Gambling Addiction

Gambling involves putting something of value at risk on an event whose outcome is determined by chance and with the hope of winning a prize. It can include putting money on football matches, horse races, lottery tickets, dice games, cards, scratchcards, bingo, slot machines, racing cars, and more. Gambling can be either social or professional. Examples of social gambling are playing card games for a small stake with friends, betting on sporting events or buying lottery tickets as a group. Professional gamblers are those who make a living from the practice.

Many people enjoy gambling and do not have problems, but some develop a serious addiction that affects their lives, relationships, and careers. It is sometimes called pathological gambling, which is recognized as a mental health disorder in the fifth edition of the Diagnostic and Statistical Manual of Mental Disorders (DSM-5).

The earliest known form of gambling was found in China, where tiles from 2,300 B.C. were discovered that were designed to be used in a rudimentary form of lottery. Since that time, the popularity of gambling has grown and become an integral part of society. Many states have legalized the practice, and people can place bets on almost any event, from sports to politics to the stock market.

There is a wide range of treatment options for those who are addicted to gambling, from self-help programs such as Gamblers Anonymous, to intensive outpatient and residential treatments. Most people who have an addictive problem with gambling will require some form of psychological treatment to overcome their condition.

Symptoms of a gambling addiction can include: (1) spending more than you can afford to lose; (2) lying to family members, therapists, or employers in order to conceal the extent of your involvement with gambling; (3) trying to recover lost money by returning to gambling again and again (“chasing” losses); and (4) jeopardizing or losing a job, education, relationship, or career opportunity due to gambling (American Psychiatric Association 2000). Treatment for gambling addiction is becoming increasingly available and effective, including inpatient or residential treatment and rehab programs, and telehealth services for those who cannot travel or do not live close to a facility.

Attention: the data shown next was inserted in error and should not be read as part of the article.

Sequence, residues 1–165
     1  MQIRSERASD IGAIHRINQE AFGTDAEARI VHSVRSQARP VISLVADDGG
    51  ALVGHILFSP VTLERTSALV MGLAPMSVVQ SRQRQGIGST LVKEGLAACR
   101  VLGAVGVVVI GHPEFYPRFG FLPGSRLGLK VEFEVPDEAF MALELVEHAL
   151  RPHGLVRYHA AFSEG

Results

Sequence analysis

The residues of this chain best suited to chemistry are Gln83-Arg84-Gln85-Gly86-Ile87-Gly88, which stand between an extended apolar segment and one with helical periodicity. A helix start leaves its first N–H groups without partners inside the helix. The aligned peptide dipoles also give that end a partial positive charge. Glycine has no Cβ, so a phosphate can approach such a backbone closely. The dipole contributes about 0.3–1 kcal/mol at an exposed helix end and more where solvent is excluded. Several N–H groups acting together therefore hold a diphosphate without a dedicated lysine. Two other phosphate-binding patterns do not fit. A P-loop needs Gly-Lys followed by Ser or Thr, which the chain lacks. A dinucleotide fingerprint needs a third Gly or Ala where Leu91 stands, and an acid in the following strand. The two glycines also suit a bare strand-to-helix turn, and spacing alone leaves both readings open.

The first step in overcoming gambling addiction is admitting that you have a problem. This can be a difficult step, especially if your addiction has caused financial problems or strained or broken relationships. However, it is important to realize that you are not alone and that there are many other people who have successfully overcome this problem. Seek support from loved ones and join a peer-support program such as Gamblers Anonymous or Alcoholics Anonymous. In addition, consider seeking marriage, career, or credit counseling to work through the issues that have led to your gambling addiction. Lastly, get physical and find ways to relieve stress that do not involve gambling, such as yoga or taking up a new hobby. These steps will help you to regain control of your life and build healthy relationships.